A Handbook for the Recognition & Identification of



Using techniques similar to those described under "Heating" in Section 2, the actual shape of insulators has been modified by heating. Some pieces have even been represented as new or rare variations of existing CD numbers as a result of dimensions which have been intentionally altered by heating, either by shortening or by lengthening the piece. There are also quite a number of specimens that came from the factory with heat related distortions so it can be very hard to tell whether a heat distorted specimen is factory or altered. About the only reliable method to determine whether any piece has been "cooked" is through evidence of "meltdown". In the most severe case, the insulator will get so hot as to become shorter with bulging dome and skirt, pinched wire groove, etc. Under slightly lower temperatures, the entire structure of the insulator may be unaffected except, possibly, for the base. When an insulator is heated sufficiently to cause shape distortion, the surface of the insulator which rested in the kiln may develop a flatness with a very dull finish if it had been sitting on a flat surface such as a cookie sheet. Some specimens which were heated were sitting on a wire grid so telltale crosshatching may be an indicator of tampering. Many Maydwell insulators have this grid marking but it cannot be determined to a certainty that it is a factory feature or a post manufacture alteration. Both possibilities may be true. Almost all insulators with smooth bases were made with nicely rounded and glossy skirt edges. When a piece has a flat, dull skirt base, or a very coarse base surface, it is a good bet it has been reheated. Even pieces which have been manufactured with flat bases are still glossy rather than dull. Most pieces which were subjected to heating (especially California's and Denver's) came with rounded skirts so any noticeable flatness is a definite indication of tampering.

CD 162 Meltdown

CD 162 Meltdown
These are both CD 162 California insulators. The one on the right displays the obvious signs of meltdown both in it’s squattiness and the flat, dull characteristics of both the skirt and petticoat.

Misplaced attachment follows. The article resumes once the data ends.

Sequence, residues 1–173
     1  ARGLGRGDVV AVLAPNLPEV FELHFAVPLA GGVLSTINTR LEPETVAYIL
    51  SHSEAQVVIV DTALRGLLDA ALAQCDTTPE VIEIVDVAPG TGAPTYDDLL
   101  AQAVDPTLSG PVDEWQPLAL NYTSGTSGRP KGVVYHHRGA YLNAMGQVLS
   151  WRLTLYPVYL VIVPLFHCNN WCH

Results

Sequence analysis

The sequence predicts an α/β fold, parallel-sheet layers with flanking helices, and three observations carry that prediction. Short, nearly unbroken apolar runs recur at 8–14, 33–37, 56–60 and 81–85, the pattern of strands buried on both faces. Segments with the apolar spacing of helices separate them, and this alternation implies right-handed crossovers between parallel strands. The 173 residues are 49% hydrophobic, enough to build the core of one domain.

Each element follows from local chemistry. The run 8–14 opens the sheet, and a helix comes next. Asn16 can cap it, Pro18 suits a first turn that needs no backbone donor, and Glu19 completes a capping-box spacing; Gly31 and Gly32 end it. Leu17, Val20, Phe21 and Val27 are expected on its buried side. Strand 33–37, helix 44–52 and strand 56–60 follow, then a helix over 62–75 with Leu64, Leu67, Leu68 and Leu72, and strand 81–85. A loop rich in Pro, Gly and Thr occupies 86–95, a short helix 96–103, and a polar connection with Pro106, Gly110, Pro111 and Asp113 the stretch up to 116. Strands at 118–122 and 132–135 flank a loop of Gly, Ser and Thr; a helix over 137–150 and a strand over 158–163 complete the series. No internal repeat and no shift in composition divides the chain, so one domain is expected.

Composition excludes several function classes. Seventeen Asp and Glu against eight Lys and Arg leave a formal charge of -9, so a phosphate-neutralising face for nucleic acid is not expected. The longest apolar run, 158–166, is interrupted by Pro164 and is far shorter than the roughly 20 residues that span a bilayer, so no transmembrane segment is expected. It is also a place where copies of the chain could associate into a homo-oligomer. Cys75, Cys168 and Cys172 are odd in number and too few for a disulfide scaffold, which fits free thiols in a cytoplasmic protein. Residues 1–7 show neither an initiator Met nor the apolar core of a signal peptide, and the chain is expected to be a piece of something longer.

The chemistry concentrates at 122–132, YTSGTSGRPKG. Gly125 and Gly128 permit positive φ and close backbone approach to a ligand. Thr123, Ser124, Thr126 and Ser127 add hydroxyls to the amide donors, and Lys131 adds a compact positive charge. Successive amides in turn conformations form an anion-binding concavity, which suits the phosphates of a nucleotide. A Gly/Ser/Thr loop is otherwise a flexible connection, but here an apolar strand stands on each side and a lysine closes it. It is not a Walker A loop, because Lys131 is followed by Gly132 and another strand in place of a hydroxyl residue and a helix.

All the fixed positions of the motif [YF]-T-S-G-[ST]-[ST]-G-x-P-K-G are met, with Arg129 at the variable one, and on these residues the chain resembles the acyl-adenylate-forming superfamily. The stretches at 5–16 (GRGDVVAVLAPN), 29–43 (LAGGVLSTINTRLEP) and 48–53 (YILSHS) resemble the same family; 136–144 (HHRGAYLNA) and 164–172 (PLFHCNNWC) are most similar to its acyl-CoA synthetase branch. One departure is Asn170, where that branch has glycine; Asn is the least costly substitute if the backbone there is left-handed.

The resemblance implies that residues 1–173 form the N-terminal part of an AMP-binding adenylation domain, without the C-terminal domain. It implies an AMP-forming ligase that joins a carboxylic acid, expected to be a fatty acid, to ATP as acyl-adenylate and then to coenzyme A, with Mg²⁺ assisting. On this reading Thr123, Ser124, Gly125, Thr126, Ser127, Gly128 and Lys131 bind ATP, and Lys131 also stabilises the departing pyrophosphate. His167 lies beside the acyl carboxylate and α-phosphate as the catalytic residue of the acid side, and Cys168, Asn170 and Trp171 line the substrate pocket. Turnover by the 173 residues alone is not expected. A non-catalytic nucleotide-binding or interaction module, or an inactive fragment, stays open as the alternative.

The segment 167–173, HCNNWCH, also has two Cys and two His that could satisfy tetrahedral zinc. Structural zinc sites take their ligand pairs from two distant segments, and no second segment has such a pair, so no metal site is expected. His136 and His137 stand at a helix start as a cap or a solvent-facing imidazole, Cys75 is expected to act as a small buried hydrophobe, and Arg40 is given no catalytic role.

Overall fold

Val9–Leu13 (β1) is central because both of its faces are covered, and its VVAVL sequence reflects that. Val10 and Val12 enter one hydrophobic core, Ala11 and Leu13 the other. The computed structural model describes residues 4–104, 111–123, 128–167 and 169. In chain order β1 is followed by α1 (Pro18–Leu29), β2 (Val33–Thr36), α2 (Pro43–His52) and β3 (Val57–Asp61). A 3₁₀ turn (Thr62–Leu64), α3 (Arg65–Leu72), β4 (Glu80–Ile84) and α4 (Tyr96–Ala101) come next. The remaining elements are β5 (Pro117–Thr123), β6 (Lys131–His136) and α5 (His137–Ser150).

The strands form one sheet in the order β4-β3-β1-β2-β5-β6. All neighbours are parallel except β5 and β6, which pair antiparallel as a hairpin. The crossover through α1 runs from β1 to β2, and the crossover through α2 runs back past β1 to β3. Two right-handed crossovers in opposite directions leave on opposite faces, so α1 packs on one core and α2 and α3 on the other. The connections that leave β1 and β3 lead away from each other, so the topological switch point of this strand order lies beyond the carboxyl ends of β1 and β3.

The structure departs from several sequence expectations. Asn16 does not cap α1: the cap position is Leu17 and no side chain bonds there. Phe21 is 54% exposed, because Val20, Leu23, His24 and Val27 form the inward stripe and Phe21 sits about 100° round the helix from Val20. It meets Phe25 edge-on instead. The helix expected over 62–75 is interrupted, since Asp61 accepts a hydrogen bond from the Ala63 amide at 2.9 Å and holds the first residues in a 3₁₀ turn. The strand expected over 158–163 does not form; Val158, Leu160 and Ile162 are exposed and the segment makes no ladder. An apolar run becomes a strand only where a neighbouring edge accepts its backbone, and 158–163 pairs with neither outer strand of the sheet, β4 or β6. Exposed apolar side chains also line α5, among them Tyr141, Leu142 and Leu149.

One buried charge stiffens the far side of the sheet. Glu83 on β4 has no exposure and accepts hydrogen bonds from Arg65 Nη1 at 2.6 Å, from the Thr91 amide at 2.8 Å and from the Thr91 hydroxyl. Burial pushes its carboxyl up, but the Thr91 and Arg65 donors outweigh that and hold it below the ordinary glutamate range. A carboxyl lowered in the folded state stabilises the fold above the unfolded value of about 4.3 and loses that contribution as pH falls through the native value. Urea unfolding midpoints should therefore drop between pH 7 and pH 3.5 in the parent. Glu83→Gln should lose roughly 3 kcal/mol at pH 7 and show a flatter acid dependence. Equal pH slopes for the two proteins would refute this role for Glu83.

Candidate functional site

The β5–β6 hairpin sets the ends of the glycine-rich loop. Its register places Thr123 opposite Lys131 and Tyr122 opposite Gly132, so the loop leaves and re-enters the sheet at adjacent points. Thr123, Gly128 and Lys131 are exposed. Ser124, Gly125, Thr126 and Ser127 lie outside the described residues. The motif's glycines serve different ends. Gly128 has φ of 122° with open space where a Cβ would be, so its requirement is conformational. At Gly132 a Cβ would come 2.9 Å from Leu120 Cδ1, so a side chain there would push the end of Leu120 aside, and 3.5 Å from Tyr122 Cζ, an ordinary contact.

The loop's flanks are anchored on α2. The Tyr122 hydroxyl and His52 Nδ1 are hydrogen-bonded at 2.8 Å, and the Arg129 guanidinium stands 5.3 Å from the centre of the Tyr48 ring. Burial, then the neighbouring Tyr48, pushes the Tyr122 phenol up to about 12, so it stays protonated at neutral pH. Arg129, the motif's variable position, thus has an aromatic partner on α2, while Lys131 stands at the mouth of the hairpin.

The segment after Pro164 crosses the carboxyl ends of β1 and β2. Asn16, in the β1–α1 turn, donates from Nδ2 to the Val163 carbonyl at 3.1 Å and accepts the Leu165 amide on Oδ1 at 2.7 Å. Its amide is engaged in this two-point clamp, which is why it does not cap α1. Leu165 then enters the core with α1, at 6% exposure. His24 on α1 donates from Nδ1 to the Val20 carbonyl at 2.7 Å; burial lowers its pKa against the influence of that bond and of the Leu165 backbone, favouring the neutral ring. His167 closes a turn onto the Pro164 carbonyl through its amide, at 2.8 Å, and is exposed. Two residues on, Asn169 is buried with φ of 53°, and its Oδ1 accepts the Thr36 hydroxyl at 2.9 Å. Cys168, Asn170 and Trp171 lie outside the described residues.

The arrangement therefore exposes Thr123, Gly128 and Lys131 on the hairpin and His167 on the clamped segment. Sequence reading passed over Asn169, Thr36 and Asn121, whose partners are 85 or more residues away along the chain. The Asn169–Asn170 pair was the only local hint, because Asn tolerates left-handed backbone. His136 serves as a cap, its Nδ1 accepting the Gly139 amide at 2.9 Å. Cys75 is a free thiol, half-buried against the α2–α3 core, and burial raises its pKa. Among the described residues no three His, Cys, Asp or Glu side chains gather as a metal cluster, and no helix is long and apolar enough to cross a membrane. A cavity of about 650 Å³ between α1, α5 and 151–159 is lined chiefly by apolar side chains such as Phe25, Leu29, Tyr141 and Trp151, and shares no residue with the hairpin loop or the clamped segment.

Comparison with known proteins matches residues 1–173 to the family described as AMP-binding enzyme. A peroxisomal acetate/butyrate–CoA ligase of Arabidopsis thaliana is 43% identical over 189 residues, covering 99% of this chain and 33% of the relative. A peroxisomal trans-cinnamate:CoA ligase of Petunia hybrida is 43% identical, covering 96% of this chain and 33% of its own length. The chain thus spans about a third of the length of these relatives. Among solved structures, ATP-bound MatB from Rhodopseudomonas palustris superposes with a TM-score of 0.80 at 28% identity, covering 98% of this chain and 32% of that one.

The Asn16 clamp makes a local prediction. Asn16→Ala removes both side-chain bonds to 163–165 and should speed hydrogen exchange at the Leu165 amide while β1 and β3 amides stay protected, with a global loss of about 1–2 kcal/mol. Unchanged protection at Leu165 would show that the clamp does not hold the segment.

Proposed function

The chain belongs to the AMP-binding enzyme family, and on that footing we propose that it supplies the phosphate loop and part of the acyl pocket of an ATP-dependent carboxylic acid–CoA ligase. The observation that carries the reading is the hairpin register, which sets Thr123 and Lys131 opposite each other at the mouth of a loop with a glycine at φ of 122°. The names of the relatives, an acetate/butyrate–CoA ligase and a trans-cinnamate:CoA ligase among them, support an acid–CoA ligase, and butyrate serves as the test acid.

CD 122 meltdownCD 122 meltdown
This CD 122 Hemingray also shows the squattiness and flat base characteristics of meltdown. The corrugated base has nearly been obliterated by the flattening caused by heat.

Some insulators have also been heated in an oven, then dropped into cold water to create a "crackled" effect. This causes virtual total damage to the piece yet specimens have been known to sell for very high prices.


Cracked Hemi-42
This Hemingray 42 was crackled by heating and dousing in cold water.

A final technique used to alter insulators using heat is to heat them to a temperature where their structures can be manipulated. Some unusual designs have resulted from this practice.

At one time, numbers of these pieces have been marketed as “Insulcats” They were made by heating in a kiln and then being stretched and manipulated into the shape seen here.

Grinding, Cutting And Polishing

The technique of grinding has been used both by the factory and by those who would alter an authentic insulator. The most obvious grinding of glass by a factory is seen in specimens manufactured by The California Glass Insulator Co. ("C.G.I.Co" and "CALIFORNIA" embossings.) The practice was used to remove glass burrs from mold over castings. The techniques were applied frequently to skirt edges and to the bases of the "egg" strain and Brown's pony/mine (CD 187) styles. On the other hand, grinding and polishing have been used by collectors to create a wide variety of new and different shaped pieces, to improve the appearance of damaged areas, and/or to remove or modify embossings. Specimens have been altered by grinding down exterior skirts, drip points and other features to make specimens different from or rarer than others. In addition to grinding, cutting off parts of the insulator or modifying the insulator by creating new features such as saddle grooves have also been tried. Polishing was done as a follow-up to cutting and grinding to remove and conceal the striations caused by the processes. Some polishing of insulators was also done in order to improve an undesirable surface condition such as sandblasting or etching.

After removing the skirt and lots of grinding and polishing of a CD 288 (left)
the "rocketship" on the right was produced.


This CD 257 has had the bottom of the skirt cut off and polished giving it a substantially different appearance than it’s intact cousin.


The color of this CD 113 is authentic but the “Star” embossing has been ground off and polished leaving the appearance that the piece is unembossed, making it an unlisted specimen.


This piece is a CD 121 Hemingray which has had a saddle groove ground into the dome and polished. This style never had such a saddle groove.